As to your larger question about censorship as it currently relates to our culture, I think that on the surface we live in a pretty open society, although most people — and this includes most artists — in their desire to fit in, are conditioned to be politely self-censoring; to say the right things and avoid unpopular positions. I really dislike the standardized worldviews that dominate contemporary expression, and find programmatic inclusiveness quite oppressive in its own way. Instead, I admire people with a strong, authentic voice, even if they sometimes revel in the unpopular. Someone like David Hickey excites me because he isn’t afraid to cross those polite lines and insult a few people in order to make a point. I don’t always agree, but I appreciate that unique fire burning inside.
Your two images we are publishing in Papirmass come from the series The Fantasia Morose, which uses collage to deconstruct images of models from beauty magazines. Can you tell us more about the process and ethos of that series?
The Fantasia Morose is a body of work that is more than a decade old — I did the bulk of these collages between 1998 and 2000, though a few of the prototypes that led to the series date back to 1996. The series began as a surface study aimed at a particular kind of photography; it directly referenced the mainstream culture’s daily photographic manipulations of the female form — a repetitive act that may be seen as an outward document of the society’s internalized desires and dreams. That’s the well that I chose to drink from here; I positioned myself in the middle of that subject matter by choice and with an uncomfortable awareness of my own youthful libido. For the project, I took on the role of artist as immoral creator, a kind of Frankenstein/Modern Prometheus figure working with paper as a metaphor for flesh. I was already interested in collage as an action, but with this series I was also invested in looking at the act of assembling bodies metaphorically, of playing a male version of a game of paper dolls. In my quest for body parts, I knew I didn’t want to make work that declared a moral or political position in relation to this public acceptance of the body as fetish object, commodity, unit of display — I have always preferred spending my creative time in the grey zones, and am of the opinion that works of art with a political message sitting in their forefront are too didactic and often flatly transparent. Still, as the series developed and as I puzzled these composite forms together, I knew that what I was presenting positioned itself outside of the then-present definition of comfortably accepted beauty. There is a surface tension to the works in the series that makes them hideous at their core despite their flirtations with the beauty, and this is intentional.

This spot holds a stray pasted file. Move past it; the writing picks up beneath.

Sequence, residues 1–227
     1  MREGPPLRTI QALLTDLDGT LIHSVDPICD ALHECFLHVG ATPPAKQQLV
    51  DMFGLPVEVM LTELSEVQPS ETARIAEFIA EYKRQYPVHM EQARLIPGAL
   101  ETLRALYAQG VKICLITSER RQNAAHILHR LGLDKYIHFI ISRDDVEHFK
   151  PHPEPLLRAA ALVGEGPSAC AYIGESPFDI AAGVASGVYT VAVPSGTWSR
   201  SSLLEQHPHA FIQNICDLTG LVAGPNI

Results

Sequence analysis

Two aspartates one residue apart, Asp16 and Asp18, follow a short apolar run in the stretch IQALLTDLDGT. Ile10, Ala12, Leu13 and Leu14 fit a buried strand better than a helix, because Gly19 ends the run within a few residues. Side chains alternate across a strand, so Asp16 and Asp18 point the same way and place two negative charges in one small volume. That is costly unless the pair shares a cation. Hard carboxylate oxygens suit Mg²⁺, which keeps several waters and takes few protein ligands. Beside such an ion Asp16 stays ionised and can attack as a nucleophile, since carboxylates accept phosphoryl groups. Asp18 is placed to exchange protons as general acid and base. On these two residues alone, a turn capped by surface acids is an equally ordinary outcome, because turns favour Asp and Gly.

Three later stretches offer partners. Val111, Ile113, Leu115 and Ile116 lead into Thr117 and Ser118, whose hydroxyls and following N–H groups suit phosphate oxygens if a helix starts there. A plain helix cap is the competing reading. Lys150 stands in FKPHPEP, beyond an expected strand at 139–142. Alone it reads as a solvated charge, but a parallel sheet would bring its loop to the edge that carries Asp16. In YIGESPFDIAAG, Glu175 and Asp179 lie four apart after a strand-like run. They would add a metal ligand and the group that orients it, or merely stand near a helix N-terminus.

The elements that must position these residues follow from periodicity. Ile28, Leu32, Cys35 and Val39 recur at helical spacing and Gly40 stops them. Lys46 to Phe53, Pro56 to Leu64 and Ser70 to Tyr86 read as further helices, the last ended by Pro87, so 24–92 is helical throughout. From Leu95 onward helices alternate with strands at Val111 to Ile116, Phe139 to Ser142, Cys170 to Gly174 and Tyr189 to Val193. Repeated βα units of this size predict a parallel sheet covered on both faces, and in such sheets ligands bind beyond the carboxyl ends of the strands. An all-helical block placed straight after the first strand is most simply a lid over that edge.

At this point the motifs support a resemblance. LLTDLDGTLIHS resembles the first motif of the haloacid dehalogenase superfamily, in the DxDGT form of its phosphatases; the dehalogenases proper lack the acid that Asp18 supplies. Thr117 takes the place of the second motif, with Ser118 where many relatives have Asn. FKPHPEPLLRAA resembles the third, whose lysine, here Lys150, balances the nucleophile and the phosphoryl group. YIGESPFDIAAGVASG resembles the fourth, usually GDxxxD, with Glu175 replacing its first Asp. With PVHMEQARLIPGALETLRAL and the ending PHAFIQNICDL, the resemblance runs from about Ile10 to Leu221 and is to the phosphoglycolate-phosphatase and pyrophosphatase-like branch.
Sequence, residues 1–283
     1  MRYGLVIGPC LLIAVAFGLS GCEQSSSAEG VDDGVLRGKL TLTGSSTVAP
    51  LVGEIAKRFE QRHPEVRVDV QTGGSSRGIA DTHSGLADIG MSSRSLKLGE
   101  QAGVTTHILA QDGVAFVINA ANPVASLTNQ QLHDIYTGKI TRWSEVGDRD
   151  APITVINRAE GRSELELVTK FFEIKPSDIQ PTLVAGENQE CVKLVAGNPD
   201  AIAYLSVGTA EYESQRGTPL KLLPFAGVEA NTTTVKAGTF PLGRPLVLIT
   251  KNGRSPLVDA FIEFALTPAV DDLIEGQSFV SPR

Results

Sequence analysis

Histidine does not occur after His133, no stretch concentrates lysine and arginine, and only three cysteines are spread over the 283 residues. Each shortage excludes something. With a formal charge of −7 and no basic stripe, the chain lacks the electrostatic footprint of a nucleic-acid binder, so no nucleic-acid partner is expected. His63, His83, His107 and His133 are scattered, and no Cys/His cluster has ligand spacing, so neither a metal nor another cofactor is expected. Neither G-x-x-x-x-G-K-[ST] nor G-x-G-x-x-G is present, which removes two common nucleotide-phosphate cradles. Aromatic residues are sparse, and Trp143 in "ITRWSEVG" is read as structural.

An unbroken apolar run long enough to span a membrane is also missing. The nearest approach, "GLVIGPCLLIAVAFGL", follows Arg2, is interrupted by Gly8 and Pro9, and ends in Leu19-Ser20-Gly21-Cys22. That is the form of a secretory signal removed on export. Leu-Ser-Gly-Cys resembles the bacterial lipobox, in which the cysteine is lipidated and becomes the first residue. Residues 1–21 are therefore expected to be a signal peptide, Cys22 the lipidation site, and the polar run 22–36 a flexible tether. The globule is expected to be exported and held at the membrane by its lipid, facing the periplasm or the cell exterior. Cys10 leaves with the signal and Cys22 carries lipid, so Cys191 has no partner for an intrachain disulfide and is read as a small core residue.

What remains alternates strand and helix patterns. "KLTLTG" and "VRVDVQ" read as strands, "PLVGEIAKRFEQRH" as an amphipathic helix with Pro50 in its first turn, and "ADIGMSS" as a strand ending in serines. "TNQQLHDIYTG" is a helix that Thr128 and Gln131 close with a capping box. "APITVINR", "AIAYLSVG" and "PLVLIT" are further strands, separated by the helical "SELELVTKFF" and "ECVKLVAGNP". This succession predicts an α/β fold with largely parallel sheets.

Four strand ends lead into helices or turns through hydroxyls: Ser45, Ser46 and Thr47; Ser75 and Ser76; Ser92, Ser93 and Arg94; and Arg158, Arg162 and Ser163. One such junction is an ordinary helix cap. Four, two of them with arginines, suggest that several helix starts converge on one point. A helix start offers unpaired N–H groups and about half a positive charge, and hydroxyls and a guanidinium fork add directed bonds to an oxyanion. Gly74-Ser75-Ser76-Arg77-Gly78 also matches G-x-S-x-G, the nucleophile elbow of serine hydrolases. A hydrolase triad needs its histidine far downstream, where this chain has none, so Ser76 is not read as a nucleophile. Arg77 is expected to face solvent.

Now, looking back, I’m of mixed feelings about these pieces to be honest. At the end of making this series, I had already declared that although I had attempted a kind of gentle transgression, The Fantasia Morose project could be merely predictive, providing an arm’s length glimpse of the mainstream tastes of the future. A decade later, this has certainly come true: they are much more aligned to the pliable, almost collagist beauty standards of the day. I accept that. I think a basic truth is revealed here; in a world where we have the option to treat our bodies like objects that can be changed by will and science, the relentless idealization in commercial photographic imagery can be looked at as evidence that we as a human race do indeed prefer culture over nature. In the breakdown of things, we are all caught up in a process where skin-becomes-photograph-becomes-collage-becomes-a-map-for-new-skin. If anything, I think this work was pointing to this.
You recently completed a sound residency. What was that experience like?